Vitiligo is an autoimmune skin disease. Autoimmune disorders are caused when the body’s immune system, which is meant to defend the body against bacteria, viruses, and any other foreign product, malfunctions and produces antibodies against healthy tissue, cells and organs. In vitiligo, the autoantibody is directed against melanocytes in the skin.
In vitiligo the absence of melanocytes (pigment-producing cells) causes a decreased pigmentation in the skin. Vitiligo is 10 to 15 times more common in patients with other autoimmune diseases, such as Addison’s disease, diabetes mellitus, pernicious anemia, Discoid lupus, and abnormal thyroid function.
This disorder has only recently been identified as an autoimmune disease because organ-specific antibodies have now been detected in patients with vitiligo. The autoimmune reaction leads to destruction of pigment cells (melanocytes). Pigment cells give color to skin, therefore their destruction leads to white patches. Vitiligo has a tendency to run in families and may follow unusual trauma, especially to the head. The disease is also referred to as leukoderma (literally "white skin").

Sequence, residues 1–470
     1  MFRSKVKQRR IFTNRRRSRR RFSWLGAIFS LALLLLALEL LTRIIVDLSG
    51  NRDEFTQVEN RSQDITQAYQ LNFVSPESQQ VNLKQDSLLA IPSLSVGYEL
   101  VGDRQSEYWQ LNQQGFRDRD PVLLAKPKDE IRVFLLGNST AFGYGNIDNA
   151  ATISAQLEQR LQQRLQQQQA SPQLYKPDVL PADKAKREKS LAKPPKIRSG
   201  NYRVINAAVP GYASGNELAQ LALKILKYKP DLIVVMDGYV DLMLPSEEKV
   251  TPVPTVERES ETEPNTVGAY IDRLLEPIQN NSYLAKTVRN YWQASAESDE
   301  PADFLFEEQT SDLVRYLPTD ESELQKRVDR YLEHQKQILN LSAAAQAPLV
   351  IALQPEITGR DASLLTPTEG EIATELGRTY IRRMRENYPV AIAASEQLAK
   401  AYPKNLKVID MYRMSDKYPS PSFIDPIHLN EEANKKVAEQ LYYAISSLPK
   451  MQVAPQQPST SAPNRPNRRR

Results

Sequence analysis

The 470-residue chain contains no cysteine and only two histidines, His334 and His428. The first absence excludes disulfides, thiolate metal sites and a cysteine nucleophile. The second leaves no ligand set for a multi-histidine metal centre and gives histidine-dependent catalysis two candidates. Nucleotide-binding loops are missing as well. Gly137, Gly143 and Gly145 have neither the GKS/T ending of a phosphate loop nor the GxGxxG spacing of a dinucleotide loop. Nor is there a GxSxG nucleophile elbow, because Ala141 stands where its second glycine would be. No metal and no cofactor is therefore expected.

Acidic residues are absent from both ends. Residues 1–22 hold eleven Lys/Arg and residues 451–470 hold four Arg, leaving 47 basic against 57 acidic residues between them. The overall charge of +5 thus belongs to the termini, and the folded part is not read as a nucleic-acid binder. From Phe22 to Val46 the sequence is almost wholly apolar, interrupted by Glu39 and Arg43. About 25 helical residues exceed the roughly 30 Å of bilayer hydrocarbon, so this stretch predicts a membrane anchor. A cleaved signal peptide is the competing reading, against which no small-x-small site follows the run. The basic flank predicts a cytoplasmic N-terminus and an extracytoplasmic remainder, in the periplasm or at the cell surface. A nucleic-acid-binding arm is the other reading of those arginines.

The alternative, nutritional medicine approach is to identify hidden allergies by blood test and avoid those allergens (primarily foods). Also enzyme potentiated desensitization holds hope for putting the disease in long term remission, although whatever damage is done is not repairable.